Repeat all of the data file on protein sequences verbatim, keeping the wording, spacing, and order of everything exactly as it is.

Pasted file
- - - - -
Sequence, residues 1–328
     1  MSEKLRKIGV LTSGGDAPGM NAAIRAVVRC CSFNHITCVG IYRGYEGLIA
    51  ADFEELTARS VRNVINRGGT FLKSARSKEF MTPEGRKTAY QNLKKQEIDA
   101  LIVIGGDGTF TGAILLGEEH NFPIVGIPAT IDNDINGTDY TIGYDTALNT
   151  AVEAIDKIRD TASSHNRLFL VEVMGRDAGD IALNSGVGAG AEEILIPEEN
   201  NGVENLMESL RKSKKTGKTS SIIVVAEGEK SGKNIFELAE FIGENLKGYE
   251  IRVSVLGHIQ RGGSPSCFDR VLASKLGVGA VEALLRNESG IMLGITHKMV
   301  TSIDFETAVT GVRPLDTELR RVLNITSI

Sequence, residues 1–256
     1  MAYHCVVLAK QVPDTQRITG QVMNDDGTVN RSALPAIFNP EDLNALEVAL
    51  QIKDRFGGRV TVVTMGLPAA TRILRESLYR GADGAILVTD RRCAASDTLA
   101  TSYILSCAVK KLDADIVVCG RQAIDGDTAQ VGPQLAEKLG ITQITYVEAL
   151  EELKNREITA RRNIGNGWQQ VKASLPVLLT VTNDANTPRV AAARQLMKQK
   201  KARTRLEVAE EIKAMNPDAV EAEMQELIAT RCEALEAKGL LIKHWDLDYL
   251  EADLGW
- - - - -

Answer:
Sequence, residues 1–328
     1  MSEKLRKIGV LTSGGDAPGM NAAIRAVVRC CSFNHITCVG IYRGYEGLIA
    51  ADFEELTARS VRNVINRGGT FLKSARSKEF MTPEGRKTAY QNLKKQEIDA
   101  LIVIGGDGTF TGAILLGEEH NFPIVGIPAT IDNDINGTDY TIGYDTALNT
   151  AVEAIDKIRD TASSHNRLFL VEVMGRDAGD IALNSGVGAG AEEILIPEEN
   201  NGVENLMESL RKSKKTGKTS SIIVVAEGEK SGKNIFELAE FIGENLKGYE
   251  IRVSVLGHIQ RGGSPSCFDR VLASKLGVGA VEALLRNESG IMLGITHKMV
   301  TSIDFETAVT GVRPLDTELR RVLNITSI

Sequence, residues 1–256
     1  MAYHCVVLAK QVPDTQRITG QVMNDDGTVN RSALPAIFNP EDLNALEVAL
    51  QIKDRFGGRV TVVTMGLPAA TRILRESLYR GADGAILVTD RRCAASDTLA
   101  TSYILSCAVK KLDADIVVCG RQAIDGDTAQ VGPQLAEKLG ITQITYVEAL
   151  EELKNREITA RRNIGNGWQQ VKASLPVLLT VTNDANTPRV AAARQLMKQK
   201  KARTRLEVAE EIKAMNPDAV EAEMQELIAT RCEALEAKGL LIKHWDLDYL
   251  EADLGW